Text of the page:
Care home nursing fee gets 7.4% boost in ‘win for sector’

NHS-funded nursing care payment will rise from £219.71 to £235.88 from 1 April 2024, as representative body Care England hails work to ensure rate reflects costs of services

Nurse helping woman rehabilitate in care home
Photo: Rido/Adobe Stock

The fee paid to care homes to fund nursing costs will rise by 7.4% from April 2024 in what leaders have described as a “in for the sector”, the government announced today.

The standard weekly NHS-funded nursing care (FNC) rate will rise from £219.71 to £235.88, while the higher rate will increase from £302.25 to £324.50, said the Department of Health and Social Care (DHSC).

The higher rate is paid to the relatively few residents who received it when the three previous bands were merged in 2007.

The DHSC said the scale of the increase had been based on data supplied by social care providers on their costs, which had then been quality assured.

‘Win for the sector’

Care England, which represents independent providers, hailed the increase, which follows rises of 5% in 2023 and 11.5% in 2022, as a “win for the care sector”.

“Care England has worked tirelessly with the Department of Health and Social Care over nine years to ensure that the FNC rate reflects the true cost of providing nursing care,” said chief executive Martin Green.

“This latest uplift represents a win for the care sector operating in a challenging time and is a testament to our collective efforts.”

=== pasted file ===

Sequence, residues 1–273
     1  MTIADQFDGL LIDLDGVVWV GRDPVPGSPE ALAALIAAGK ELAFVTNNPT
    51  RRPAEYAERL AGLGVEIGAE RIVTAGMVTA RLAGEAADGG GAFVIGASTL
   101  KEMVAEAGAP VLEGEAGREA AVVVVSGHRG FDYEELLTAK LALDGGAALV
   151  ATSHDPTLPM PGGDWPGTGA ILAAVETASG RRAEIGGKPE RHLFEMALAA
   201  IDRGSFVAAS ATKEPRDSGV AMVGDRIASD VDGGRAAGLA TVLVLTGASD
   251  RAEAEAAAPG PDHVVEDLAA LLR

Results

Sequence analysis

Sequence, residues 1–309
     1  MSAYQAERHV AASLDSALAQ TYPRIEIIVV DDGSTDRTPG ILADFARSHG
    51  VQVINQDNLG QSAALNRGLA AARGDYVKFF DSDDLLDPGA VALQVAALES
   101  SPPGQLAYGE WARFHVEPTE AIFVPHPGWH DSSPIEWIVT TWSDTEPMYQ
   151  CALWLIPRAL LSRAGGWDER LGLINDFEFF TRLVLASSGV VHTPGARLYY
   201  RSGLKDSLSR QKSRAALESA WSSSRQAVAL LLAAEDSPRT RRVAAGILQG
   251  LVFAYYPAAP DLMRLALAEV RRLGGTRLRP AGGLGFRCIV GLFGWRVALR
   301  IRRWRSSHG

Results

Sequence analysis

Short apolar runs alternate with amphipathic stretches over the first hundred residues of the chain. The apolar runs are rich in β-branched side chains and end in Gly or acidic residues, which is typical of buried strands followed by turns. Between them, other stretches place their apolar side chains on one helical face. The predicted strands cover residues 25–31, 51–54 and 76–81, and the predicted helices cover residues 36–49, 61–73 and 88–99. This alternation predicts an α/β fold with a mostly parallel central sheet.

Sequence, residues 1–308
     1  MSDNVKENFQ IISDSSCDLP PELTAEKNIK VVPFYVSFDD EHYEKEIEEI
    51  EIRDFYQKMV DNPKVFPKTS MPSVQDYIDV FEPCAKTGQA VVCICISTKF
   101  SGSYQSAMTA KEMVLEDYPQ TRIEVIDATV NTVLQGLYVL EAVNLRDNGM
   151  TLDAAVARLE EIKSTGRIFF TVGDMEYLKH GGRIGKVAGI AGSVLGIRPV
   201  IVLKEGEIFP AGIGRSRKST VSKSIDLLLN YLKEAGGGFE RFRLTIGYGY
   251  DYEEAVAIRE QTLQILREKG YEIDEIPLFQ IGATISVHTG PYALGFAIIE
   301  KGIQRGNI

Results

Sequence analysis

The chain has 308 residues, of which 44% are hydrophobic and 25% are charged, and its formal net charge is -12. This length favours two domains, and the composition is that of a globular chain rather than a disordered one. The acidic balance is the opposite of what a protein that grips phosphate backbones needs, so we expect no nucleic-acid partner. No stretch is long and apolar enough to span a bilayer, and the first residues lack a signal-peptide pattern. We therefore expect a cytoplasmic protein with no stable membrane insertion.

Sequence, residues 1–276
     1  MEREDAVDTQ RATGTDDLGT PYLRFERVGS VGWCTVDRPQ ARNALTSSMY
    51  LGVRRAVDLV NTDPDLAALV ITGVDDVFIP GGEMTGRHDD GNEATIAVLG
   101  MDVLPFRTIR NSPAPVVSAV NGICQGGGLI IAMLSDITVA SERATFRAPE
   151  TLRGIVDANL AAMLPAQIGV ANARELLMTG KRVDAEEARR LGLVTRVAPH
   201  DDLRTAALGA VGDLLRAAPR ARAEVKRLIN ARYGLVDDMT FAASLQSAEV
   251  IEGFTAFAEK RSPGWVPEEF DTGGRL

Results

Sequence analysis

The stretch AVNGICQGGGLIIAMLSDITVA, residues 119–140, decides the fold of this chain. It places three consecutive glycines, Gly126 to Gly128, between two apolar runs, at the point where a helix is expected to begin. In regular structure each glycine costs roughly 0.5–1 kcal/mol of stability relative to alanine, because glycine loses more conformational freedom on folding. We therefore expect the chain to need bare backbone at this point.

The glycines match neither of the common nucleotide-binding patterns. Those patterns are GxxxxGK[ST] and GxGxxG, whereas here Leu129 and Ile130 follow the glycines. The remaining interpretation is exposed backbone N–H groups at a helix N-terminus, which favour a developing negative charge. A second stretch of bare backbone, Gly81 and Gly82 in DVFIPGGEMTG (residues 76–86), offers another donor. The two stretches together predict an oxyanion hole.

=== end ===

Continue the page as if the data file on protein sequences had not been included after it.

About funded nursing care

Funded nursing care is designed to finance services provided to care home residents by a registered nurse involving either the provision of care or the planning, supervision or delegation of the provision of care.

It is paid to care homes in England by NHS integrated care boards (ICBs) as, under section 22 of the Care Act 2014, registered nursing costs generally cannot be met by a local authority.

However, Green warned that the legal position on FNC needed to be reviewed in the light of the increasing complexity of needs met by residential care homes.

“The government must now lend consideration to the legal definition of FNC to ensure its fit for the future given the increased levels of complexity seen in residential care, and how care providers have had to adapt their services to meet the ever-changing needs of their residents,” he said.

‘Need to reward and recognise social care nurses’

Green also stressed the importance of care home nursing staff being “recognised and rewarded accordingly, in line with NHS nurses”.

Care homes have struggled to retain nurses in recent years, with the turnover for adult social care nurses hitting 44.9% in 2021-22, before falling to a still high 32.6% in 2022-23, according to Skills for Care data. This was far higher than the turnover for NHS registered nurses and health visits at the same time (10.9%).

However, separate Skills for Care data has shown vacancy rates for registered nurses falling, from 11.3% in March 2023 to 8.2% in January of this year.

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